Holocaust without End Holocaust without End
Wednesday, May 18, 2011 by Alex Joffe | Jewish Ideas Daily » Daily Features

Sixty-six years after the end of World War II, the Holocaust remains one of the central puzzles of human history. For Jews, the imperative is clear: to remember and to encourage others to remember. But remember what? Has the earnest dedication of both Jews and non-Jews to seek the meaning of the event and absorb its lessons ended by emptying it of meaning and lessons alike?
The Life of Prayer The Life of Prayer
Tuesday, May 17, 2011 by Yehudah Mirsky | Jewish Ideas Daily » Daily Features

Prayer has never been easy, as the Psalmist well knew: "For there is no word on my tongue; You, O Lord, know them all" (139: 4). And even if there are words on the tongue, the results can be distressingly uncertain, or worse: "My God, I call out by day and You do not answer; by night, there is no respite for me" (22:2). It hasn’t gotten easier since then.
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Editors' Picks
Bibi's Burden David Margolick, Vanity Fair. As the Israeli populace—disillusioned with grandiose peace plans, increasingly controlled by the Orthodox—has moved right, Netanyahu has been able to stay in one place: His country has come to him.
Liberty and Espionage Jerusalem Post. The indicted Haaretz reporter Uri Blau is no martyr.  There is plenty of scope for journalists to ply their trade without putting themselves above the law and endangering the entire populace.     
Dr. Seuss's War Andres Jauregui, Huffington Post. While best known for works like The Cat in the Hat and Green Eggs and Ham, Dr. Seuss "was haunted by the war in Europe," and was a prolific political cartoonist during the 1940s.  Here, a gallery.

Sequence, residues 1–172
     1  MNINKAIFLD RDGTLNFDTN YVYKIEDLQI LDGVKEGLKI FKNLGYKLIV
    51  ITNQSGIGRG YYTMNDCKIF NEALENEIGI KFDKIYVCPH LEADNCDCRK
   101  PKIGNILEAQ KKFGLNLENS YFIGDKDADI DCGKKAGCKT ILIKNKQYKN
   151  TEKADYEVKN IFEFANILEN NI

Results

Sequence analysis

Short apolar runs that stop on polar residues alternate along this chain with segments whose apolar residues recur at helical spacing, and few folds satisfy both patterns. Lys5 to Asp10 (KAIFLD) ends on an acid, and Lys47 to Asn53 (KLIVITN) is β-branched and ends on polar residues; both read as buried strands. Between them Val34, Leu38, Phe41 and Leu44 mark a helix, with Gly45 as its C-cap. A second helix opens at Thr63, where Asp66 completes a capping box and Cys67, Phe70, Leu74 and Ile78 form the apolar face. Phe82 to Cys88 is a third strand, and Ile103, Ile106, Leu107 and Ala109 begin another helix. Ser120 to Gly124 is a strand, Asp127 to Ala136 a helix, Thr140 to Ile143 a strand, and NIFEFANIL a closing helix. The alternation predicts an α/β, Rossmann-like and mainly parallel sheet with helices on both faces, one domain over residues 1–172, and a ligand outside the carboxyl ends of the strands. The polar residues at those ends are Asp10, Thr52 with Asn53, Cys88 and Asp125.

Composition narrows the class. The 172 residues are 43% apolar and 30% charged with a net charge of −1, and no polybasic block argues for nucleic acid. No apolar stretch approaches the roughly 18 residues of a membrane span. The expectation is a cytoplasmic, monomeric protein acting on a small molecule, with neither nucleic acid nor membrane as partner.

The Yeridah Myth Pini Herman, Forward. The received wisdom has long been that Israel has a problem with emigration. Yet the data shows not only that comparatively few Israelis leave, but also that most come back.
A Jewish Esperanto? Philologos, Forward. According to two encyclopedias, out of an estimated 16 million Jews in the world in 1939, 11 million were Yiddish speakers. But that figure doesn't stand up to closer inspection.
What is the Oldest Known Hebrew Inscription? Biblical Archaeology Society. Four contenders emerge, but the question is not so simple.
The Negev's “First People”? Havatzelet Yahel, Ruth Kark, Seth J. Frantzman, Middle East Quarterly. The Bedouin may be a poor and marginal sector of Israeli society, but this does not transform them into an indigenous nation.
Opportunity for Reform Shmuel Rosner, Jewish Journal. Now that Israel's courts brought non-Orthodox denominations one step closer to equality, those denominations must prove that they can connect with Israel's public, not just its courts.
High Anxiety Daniel Smith, New York Times. Anxiety isn't a virtue—or if it is a virtue, it's an unpleasant and problematic one. So why do Jews all but celebrate it?
A Life in Rock, and Writing Greil Marcus, Los Angeles Review of Books. "I told my wife about [a conversation with the editor of Rolling Stone] in great detail. And Jenny said, ‘Greil, you've just been fired.' I said, ‘I have?!?'" (20,000-word interview by Simon Reynolds; here, part II, part III, and part IV)